Dear Dr. Gridlock:

A year or so ago, I remember Metro was trying out some new styles and designs for its trains. Readers discussed and even voted on several fabrics.

It's amazing that after all this time, Metro officials still haven't made a decision. I'm wondering whether they have started over from scratch, as the seats I remember had various prints, not just a different fabric. I share the other writers' concern about slippery floors. On a crowded train, you cannot always get a secure hand hold. I'd suggest something like rough textured strips of the sort that might be used in a pool or tub, only more durable.

Harise Poland-Wright, Silver Spring

DG: Metro makes most of its design and style changes quite slowly. The transit authority has been testing ideas for the next generation of rail cars since 2008. Four of the newest cars in the fleet got a makeover to test out the appearance and durability of various floor and seat coverings. At that time, we displayed the test versions in a Commuter page feature and received many reader comments.

From time to time, riders write in to say they've just seen one of those test cars still traveling the system. I think the fabric seat coverings have held up quite well, as did the darker-colored ones. The other floor styles, with their shades of gray, are starting to look old.

Metro is reviving the process of getting public comment as it moves into the final phase of designing the next generation of rail cars, the ones known as the 7000 Series. The Jan. 30 Commuter page described the process and included many comments we've already received from readers about potential design changes.

When we discuss those potential changes, most riders vote for a style of seat, or a pole placement or floor design that they're comfortable with. Should the transit authority also consider how these and other changes in the rail cars' appearance harmonize with the system's overall design?

Metro's original planners spent a lot of time designing a system in which colors, patterns and designs meshed. The generations of planners and managers who came after them have slowly eroded the original design concept, for better or worse. Many riders don't notice these slowly evolving changes or find them acceptable. For example, I doubt that many will notice the disappearance of the "Metro brown" paint from the exterior of the 7000 Series cars. It was a decorative touch that harmonized the car detailing with the station detailing.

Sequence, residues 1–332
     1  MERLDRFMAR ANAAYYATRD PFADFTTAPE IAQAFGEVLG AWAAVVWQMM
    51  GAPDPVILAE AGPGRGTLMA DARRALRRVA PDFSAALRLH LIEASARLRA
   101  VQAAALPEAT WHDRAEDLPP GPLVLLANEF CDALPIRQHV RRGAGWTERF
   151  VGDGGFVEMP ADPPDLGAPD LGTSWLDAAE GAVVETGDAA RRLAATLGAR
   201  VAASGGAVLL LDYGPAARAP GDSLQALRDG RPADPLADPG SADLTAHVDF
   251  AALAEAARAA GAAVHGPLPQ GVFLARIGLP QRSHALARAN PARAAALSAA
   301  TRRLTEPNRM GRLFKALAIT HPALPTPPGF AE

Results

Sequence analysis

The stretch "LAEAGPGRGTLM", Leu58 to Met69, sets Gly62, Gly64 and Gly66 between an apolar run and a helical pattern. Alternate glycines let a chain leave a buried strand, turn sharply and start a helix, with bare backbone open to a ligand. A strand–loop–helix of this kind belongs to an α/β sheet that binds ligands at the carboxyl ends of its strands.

Dear Dr. Gridlock:

Your column about the live chat of Dec. 13 got my attention, especially about headlights and windshield wipers. This topic came up in your column months ago, and I learned that drivers must turn on their headlights when using their wipers.

What do headlights have to do with windshield wipers? The real issue is that rain reduces visibility to everyone, and headlights make your vehicle more visible. Why on earth did the General Assembly get windshield wipers in the equation?

Technically, this stupid law requires you to put on your headlights whenever you wash your windshield while driving. This law should be replaced with one that requires you to use your wipers whenever precipitation or road spray is present, whether your wipers are on or not.

Bruce Kirk, La Plata

DG: Many states have similar laws intended to increase visibility for drivers in bad weather in daytime. Relating the use of windshield wipers with headlights is a convenient standard. If the weather is bad enough to make you turn on your wipers, it's bad enough to require headlights.

Maryland's law is worded this way: "If a driver of a vehicle on a highway operates the vehicle's windshield wipers for a continuous period of time because of impaired visibility resulting from unfavorable atmospheric conditions, the driver shall light the vehicle's headlamps or fog lights." (Notice that the law kicks in when the wipers are in continuous use.) The fine for a violation in Maryland is $25.


In a debate over the rules governing High Occupancy Vehicle lane use, I supported the law that counts a child - or any warm body - as a person for carpool purposes. To do otherwise, I said, would make the law even tougher to enforce. This writer suggests an alternative.

Dear Dr. Gridlock:

I'm writing to support the view that infants and children should not count toward HOV passenger requirements. The purpose of HOV lanes is to reduce the number of cars on the road, and clearly infants and children would not be driving themselves.

I agree, though, that enforcement could be difficult, so here's a suggestion: Rather than requiring that all passengers be licensed drivers, which could not be verified visually by police, mandate that only children 16 or older could count toward the HOV passenger requirement, and instruct police to target cars in which children appear to be 12 or younger. It is unlikely that most 16-year-olds would not appear to be at least 12, and in the rare case where that happened, the ticket could be contested. Would some people get away with using the HOV lanes with 14- and 15-year-olds? Sure. But at least the travesty of deeming a car with an adult and an infant a carpool would be ended.

And I agree that the hybrid exemption should be ended as well, especially now with full-size SUV hybrids that still don't get as good mileage as a midsize sedan. But no matter how good the mileage, a car with a single driver doesn't reduce traffic.

Jim Cohen, Bethesda